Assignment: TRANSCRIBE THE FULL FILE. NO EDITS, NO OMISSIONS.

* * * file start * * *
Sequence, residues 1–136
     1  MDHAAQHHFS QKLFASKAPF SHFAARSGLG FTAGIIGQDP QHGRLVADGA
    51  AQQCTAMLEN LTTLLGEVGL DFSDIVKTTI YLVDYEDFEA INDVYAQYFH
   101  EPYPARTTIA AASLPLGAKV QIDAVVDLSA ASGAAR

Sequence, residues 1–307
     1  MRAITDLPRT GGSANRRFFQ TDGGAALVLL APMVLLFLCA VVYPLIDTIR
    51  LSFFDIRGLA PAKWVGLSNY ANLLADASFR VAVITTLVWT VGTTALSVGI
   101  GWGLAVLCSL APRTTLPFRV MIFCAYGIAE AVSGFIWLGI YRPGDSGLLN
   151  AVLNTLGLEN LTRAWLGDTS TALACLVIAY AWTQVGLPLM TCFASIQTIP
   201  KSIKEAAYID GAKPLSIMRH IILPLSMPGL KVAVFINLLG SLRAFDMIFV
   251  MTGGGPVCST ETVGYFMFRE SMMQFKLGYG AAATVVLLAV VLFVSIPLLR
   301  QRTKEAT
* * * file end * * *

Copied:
Sequence, residues 1–136
     1  MDHAAQHHFS QKLFASKAPF SHFAARSGLG FTAGIIGQDP QHGRLVADGA
    51  AQQCTAMLEN LTTLLGEVGL DFSDIVKTTI YLVDYEDFEA INDVYAQYFH
   101  EPYPARTTIA AASLPLGAKV QIDAVVDLSA ASGAAR

Sequence, residues 1–307
     1  MRAITDLPRT GGSANRRFFQ TDGGAALVLL APMVLLFLCA VVYPLIDTIR
    51  LSFFDIRGLA PAKWVGLSNY ANLLADASFR VAVITTLVWT VGTTALSVGI
   101  GWGLAVLCSL APRTTLPFRV MIFCAYGIAE AVSGFIWLGI YRPGDSGLLN
   151  AVLNTLGLEN LTRAWLGDTS TALACLVIAY AWTQVGLPLM TCFASIQTIP
   201  KSIKEAAYID GAKPLSIMRH IILPLSMPGL KVAVFINLLG SLRAFDMIFV
   251  MTGGGPVCST ETVGYFMFRE SMMQFKLGYG AAATVVLLAV VLFVSIPLLR
   301  QRTKEAT